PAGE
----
A Virginia reporter digs deeper

This week’s “The Big Story” episode is a “journalism procedural” about a Richmond News Leader reporter who takes up the case of a man convicted of murder six years earlier. Exactly when the original news stories appeared and the real names of people involved were never mentioned in this series, but I suspect this one goes back to the 1930s or earlier. Unfortunately, the News Leader is no more, and the two Virginia universities near me don’t have it on microfilm.

It was common practice for Big Story cast members to voice more than one role in an episode, as in this case.

Like the reporter in the based-on-a-true-story movie “Call Northside 777,” Julian C. Houseman, real-life reporter and star of this episode stubbornly tracks down witnesses, interviews people on both sides of the case, and convinces the prisoner — called “Jamie Goodwin” in the script — that his freedom is worth fighting for.

The episode title, “The Bitterest Man On the Earth,” suggests that the prisoner had all but given up hope.

His original defense attorney is not a character in the play — in fact, the reporter appears to be the man’s sole advocate. As in other “Big Story” scripts, that may be a simplification to add to the drama and fit the time limit, but it also might serve to enhance the audience’s esteem for the power of the press.

The state’s attorney believes the testimony of the murdered woman’s mother and a friend, both adamant that the prisoner is the man who married and then killed the victim.

Broadcast as a “The Big Story” episode June 8, 1949 and presumably actually taking place much earlier, the case pre-dates DNA testing, ubiquitous photo-IDs,  computerized records and CSI techniques we’ve come to expect in crime dramas, and in real-life.

Becoming Something, the story of Canada Lee by Mona Z. SmithJohn Sylvester played the part of Houseman, while Canada Lee was the convict. In the television version of the episode, broadcast Nov. 25, 1949, the convict was played by Frank Silvera, according to the TV.com episode guide. (I wonder if Canada Lee was blacklisted on TV between the two performances.)

Even the prisoner’s father admits that the man looks like his son. Neither race nor racial profiling is ever mentioned, although the actors’ accents show that medium that gave us “Amos and Andy” was hardly color-blind. As J. Fred MacDonald notes (in Don’t Touch That Dial), African-American actors found few serious dramatic roles on radio. This episode of “The Big Story” is one case where they did.

While some of radio’s regional, ethnic and racial accents were parodies and terrible stereotypes, the cast members of this episode play it straight, serious and well — despite scripted attempts at dialect that might have gone badly with less talented actors.

Mister, go won away. Who cares ef a backwoods boy like me live or die? Go won away — leave me be. — Jamie Goodwin, from the archived script

The episode script is available from several sources online, including photo images of the broadcast scripts at Tobaccodocuments.org, where this is Big Story program number 115.

Among the cast members identified in the script is one who appeared in another 1930s series I’ve discussed here. Broadway and film actress Georgia Burke, who voiced two roles in this episode, played a more stereotyped role in the long-running soap opera “Betty and Bob,” Magnolia, the newspaper-owning couple’s maid.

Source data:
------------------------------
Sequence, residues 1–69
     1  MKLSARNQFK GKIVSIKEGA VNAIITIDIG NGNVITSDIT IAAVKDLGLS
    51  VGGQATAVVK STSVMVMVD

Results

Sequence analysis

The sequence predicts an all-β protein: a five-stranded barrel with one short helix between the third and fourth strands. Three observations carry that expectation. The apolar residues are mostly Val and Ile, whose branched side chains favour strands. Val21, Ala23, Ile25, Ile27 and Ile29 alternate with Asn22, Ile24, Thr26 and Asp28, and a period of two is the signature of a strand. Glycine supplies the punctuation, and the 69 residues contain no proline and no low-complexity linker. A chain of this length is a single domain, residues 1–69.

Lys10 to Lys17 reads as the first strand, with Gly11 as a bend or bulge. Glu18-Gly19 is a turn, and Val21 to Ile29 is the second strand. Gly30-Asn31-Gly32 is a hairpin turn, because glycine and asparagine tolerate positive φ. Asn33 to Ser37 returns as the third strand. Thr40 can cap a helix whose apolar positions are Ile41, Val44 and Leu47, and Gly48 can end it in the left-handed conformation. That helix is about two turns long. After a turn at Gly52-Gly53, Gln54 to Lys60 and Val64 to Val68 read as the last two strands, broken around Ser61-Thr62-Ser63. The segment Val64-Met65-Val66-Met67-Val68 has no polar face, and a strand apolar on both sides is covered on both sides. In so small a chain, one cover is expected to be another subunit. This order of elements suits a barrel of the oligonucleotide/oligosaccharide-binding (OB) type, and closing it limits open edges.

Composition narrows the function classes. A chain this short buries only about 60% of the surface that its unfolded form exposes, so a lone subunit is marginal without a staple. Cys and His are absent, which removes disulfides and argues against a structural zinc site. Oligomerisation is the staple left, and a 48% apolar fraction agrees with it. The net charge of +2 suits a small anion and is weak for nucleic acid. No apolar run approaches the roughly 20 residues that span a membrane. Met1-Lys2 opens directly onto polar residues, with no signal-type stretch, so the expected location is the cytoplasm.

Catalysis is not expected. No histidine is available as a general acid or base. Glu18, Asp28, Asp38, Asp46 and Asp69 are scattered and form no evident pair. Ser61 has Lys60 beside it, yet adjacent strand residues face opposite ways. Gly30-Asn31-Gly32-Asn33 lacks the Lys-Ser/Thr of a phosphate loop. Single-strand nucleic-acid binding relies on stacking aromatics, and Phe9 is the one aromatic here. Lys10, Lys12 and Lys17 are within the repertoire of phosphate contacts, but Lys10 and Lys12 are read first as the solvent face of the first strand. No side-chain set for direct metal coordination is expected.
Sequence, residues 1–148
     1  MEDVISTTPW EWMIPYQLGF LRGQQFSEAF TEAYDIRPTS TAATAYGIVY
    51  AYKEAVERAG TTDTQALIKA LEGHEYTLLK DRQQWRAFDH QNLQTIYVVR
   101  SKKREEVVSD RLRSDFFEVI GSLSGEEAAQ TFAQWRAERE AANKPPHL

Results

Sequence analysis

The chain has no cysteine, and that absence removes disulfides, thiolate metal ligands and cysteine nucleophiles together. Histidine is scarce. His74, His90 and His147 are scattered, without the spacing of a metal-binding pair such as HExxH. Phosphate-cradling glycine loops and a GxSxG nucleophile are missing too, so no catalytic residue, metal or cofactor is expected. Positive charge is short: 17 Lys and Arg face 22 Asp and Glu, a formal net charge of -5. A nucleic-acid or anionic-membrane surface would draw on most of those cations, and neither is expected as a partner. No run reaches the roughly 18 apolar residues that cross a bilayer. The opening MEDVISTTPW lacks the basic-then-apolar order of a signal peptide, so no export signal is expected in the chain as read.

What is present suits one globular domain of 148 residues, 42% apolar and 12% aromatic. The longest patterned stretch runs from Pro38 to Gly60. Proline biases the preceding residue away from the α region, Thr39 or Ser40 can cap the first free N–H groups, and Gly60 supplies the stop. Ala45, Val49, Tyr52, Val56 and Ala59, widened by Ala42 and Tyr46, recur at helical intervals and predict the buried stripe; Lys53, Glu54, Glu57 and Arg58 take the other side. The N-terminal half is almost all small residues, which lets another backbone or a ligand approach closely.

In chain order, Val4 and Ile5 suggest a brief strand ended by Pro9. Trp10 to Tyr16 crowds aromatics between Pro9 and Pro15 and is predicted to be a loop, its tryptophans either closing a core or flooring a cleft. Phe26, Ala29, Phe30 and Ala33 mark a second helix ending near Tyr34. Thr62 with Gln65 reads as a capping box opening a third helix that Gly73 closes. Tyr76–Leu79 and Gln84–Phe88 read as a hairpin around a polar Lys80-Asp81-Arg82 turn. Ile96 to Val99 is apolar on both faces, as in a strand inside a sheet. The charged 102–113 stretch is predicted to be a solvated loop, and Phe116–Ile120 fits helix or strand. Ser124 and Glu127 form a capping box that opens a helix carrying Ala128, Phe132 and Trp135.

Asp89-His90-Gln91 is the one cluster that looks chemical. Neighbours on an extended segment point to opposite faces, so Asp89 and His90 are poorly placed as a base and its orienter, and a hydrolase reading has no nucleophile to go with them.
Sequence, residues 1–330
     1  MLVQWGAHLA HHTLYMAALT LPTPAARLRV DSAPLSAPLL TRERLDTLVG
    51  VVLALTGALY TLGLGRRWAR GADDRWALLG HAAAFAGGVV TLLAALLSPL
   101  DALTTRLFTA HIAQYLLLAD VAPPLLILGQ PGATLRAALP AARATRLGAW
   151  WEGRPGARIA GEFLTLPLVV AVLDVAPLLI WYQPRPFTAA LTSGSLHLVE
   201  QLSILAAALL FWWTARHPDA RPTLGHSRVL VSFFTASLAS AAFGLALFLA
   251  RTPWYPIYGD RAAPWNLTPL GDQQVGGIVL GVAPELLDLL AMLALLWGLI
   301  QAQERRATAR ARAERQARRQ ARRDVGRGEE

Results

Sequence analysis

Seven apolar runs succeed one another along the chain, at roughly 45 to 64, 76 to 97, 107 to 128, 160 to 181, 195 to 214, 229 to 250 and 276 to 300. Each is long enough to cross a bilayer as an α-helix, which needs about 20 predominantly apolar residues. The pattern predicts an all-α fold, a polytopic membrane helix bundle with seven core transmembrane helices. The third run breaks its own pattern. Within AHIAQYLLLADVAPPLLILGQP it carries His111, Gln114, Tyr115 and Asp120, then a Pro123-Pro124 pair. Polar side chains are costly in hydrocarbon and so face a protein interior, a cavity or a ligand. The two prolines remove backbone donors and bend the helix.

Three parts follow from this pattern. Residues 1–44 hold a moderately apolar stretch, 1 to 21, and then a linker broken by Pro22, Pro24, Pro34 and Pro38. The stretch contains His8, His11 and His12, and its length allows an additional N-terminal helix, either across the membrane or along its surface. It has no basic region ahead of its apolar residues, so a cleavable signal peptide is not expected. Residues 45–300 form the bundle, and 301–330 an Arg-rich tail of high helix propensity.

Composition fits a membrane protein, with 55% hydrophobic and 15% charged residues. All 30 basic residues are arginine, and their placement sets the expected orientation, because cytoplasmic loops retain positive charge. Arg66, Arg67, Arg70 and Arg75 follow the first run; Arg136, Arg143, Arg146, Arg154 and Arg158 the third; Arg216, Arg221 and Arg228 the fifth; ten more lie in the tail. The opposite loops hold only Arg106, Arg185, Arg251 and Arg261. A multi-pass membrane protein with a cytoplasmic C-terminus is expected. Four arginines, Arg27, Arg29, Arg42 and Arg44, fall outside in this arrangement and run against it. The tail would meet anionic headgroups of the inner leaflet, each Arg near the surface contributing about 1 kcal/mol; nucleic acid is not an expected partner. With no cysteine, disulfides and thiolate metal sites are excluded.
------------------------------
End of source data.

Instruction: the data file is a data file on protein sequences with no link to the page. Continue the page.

The “Big Story” script says the murdered woman’s friend, “Bertha,” was played by “Pauline Meyers,” a variant spelling for Paulene Myers, a black actress whose stage, film, radio and TV career spanned 54 years. (While she wasn’t a regular in any journalist radio series, she did make an appearance in an episode of TV’s Kolchak, facing another kind of investigative reporter.)

While the script does not say race was an issue in the “Goodwin” trial, it’s clear from the start the program is affirming the fact that a black man can get a fair trial in America — at least with help from a crusading newspaper reporter. The program opens to music and voices a Harlem dance club, a scene followed by the announcer’s voice-over that Houseman is receiving his Pall Mall Award, “for his contribution not only in writing a great story, but in reaffirming a great truth, that every person on Earth is a human being and has a right to human dignity.”

Houseman’s newspaper, The Richmond News Leader, which published from 1888 to 1992, had a reputation for an editorial stance that was conservative and, at the time of this story, pro-segregation.

In the close of the program, Houseman’s telegram accepting the $500 “award” for the story, as given in the broadcast script, said:

“Day after trial Goodwin visited the paper and said, ‘I just wanted to come to the people who got me out of this jam… I needed assistance and it’s the News-Leader that I owe my freedom.'”


Note: I still hope to track down the original newspaper stories — about the murder, the retrial and, if there were any Virginia stories about it, this broadcast — and add to this essay in the future. Tips and suggestions? Add a comment or write to me.

About Bob Stepno

mild-mannered reporter who fell deeper into computers and the Web during three trips through graduate school in the 1980s and 1990s, then began teaching journalism, media studies and Web production, most recently as a faculty member at Radford University.
This entry was posted in 1940s, crime, reporting, The Big Story, true stories. Bookmark the permalink.

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